People of UNF: Technology and Artificial Intelligence

Lili Weinstein

Left to right: Sherane Chen is a junior communications major, Janae Petty is a junior elementary education major, Frisberdine Jules is a junior biochemistry major and Sharon Bradley is a sophomore elementary education major. Photo by Lili Weinstein.
Left to right: Sherane Chen is a junior communications major, Janae Petty is a junior elementary education major, Frisberdine Jules is a junior biochemistry major and Sharon Bradley is a sophomore elementary education major. Photo by Lili Weinstein.

Do you have any tech horror stories?

Chen: “I spilled yogurt on my keyboard, and I thought it would be okay because, you know, it’s yogurt. And then the guy was like, “Oh, you’re gonna have to buy a new keyboard” and I’d have to attach the new keyboard with a plug to my computer. So I just bought a new one, but it was bad.”

Jules: “I had to get three phones in a year because I kept dropping it. I’d drop it, and the screen would crack and it would go black. I could hear people texting and calling me, but I couldn’t respond.”

Bradley: “One time, I forgot to save a two page paper and had to type the whole thing over again. And I just had to get a new laptop because everything erased from my old one out of nowhere. It was HP. Never getting that again. Everything was gone.”

Sienna Marshall is a freshman biochemistry major. Photo by Lili Weinstein.
Sienna Marshall is a freshman biochemistry major. Photo by Lili Weinstein.

Tell me a story about an encounter you’ve had with technology?

“A couple of years ago, I was younger and my sister is older than me so she was babysitting me. My dad used to take apart computers, and he had computer parts just laying around in our family room. And I called my sister in to get the cat out of my room because she’s not allowed to be in there because of my allergies. My sister comes rushing over and in the process of rushing to my room, she went past some of the computer parts and cut the inside of her pinky toe — in between it and the one next to it — open and so that was a bit traumatic.”

 Left to right: Davor Bozic is a sophomore studying civil engineering and Arianna Quinones is a junior studying finance. Photo by Lili Weinstein.
Left to right: Davor Bozic is a sophomore studying civil engineering and Arianna Quinones is a junior studying finance. Photo by Lili Weinstein.

Has technology ever failed you?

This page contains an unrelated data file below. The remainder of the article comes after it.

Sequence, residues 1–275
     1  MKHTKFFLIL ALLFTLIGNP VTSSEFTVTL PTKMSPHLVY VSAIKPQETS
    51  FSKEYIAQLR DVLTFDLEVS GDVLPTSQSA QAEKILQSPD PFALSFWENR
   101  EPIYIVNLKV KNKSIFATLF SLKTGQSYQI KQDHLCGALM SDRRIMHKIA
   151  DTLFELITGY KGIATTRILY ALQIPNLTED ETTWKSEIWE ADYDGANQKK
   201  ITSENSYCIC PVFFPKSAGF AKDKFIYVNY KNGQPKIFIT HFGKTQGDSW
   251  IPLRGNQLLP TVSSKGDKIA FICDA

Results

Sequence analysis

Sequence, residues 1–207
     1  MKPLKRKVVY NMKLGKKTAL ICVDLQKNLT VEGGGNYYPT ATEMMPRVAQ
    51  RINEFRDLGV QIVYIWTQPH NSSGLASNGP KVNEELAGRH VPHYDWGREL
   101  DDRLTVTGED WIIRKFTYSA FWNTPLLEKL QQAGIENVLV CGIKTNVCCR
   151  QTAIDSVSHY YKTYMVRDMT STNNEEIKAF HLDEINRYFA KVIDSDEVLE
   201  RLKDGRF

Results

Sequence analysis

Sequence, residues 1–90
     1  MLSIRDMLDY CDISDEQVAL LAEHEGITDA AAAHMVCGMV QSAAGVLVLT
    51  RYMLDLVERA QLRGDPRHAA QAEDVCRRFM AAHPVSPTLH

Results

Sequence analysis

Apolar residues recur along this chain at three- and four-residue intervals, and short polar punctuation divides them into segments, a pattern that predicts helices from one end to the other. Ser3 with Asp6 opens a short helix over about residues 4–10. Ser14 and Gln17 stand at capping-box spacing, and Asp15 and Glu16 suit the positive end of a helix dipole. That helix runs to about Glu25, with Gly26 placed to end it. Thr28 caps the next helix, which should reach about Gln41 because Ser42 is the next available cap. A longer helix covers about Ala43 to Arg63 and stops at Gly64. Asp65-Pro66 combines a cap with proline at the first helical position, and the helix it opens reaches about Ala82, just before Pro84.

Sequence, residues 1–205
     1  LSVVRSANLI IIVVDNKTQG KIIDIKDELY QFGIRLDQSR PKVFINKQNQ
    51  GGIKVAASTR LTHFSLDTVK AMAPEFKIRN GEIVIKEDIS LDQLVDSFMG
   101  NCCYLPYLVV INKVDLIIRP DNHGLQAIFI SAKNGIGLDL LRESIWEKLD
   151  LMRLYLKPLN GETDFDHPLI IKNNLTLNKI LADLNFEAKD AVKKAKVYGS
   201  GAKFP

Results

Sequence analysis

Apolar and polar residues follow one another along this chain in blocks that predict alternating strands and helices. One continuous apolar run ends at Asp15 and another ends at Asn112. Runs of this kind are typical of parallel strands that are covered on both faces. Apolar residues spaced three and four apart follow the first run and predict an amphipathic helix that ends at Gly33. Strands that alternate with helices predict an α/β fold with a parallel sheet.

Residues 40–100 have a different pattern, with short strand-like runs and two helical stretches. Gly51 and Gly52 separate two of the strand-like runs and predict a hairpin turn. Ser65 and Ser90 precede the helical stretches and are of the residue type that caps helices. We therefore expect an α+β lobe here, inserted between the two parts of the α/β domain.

Bozic: “I remember one time when I was at work — I work as an Autocad designer for this engineering firm called Apex Technology — and the worst thing that’s happened to me there was just our servers shut down and I couldn’t use my email for work. I couldn’t use my Autocad. I could draft jobs, but I couldn’t actually do anything with those jobs. I was sitting there helpless, I guess.”

Quinones: “The same thing has happened to me with my company. Whenever the system is down, we can’t reach anything in the system so we can’t do anything.”

Do you have any opinions on artificial intelligence and what it might mean for the future?

Bozic: “I like the idea of having it, because it would make everything around us a little more efficient. But there’s also the thing where it takes away some jobs that humans are capable of doing. But you also need people to maintain the AI systems, so it kind of forces people into looking further than lower-skilled jobs and forces them to work harder and forces them to maintain the systems that are taking over.”

Ariel Hardin is a junior public health major. Photo by Lili Weinstein.
Ariel Hardin is a junior public health major. Photo by Lili Weinstein.

 

How do you picture our future with regards to artificial intelligence?

I feel like it can go one of two ways. As you look at us as a whole, as a society, we’ve become so much more dependant on technology. We’re losing something, if that makes sense. We’re losing our sense of tangible interactions, I feel. Yeah it’ll benefit us in the medical field, yes, of course. With the advancement of technology with more diseases being cured, et cetera, et cetera. Also, just look at our generation. We put so much emphasis on like, “Oh, I didn’t get a good morning text.” Like, why does that matter? We’re losing our sense of what our relationships are if not over texts. It’s going to be beneficial, but there are setbacks as well.

We use these machines, in a hypothetical situation, to replace our own skill set, does that mean we become more lazy? What are we reduced to if machines do everything for us, what are we?

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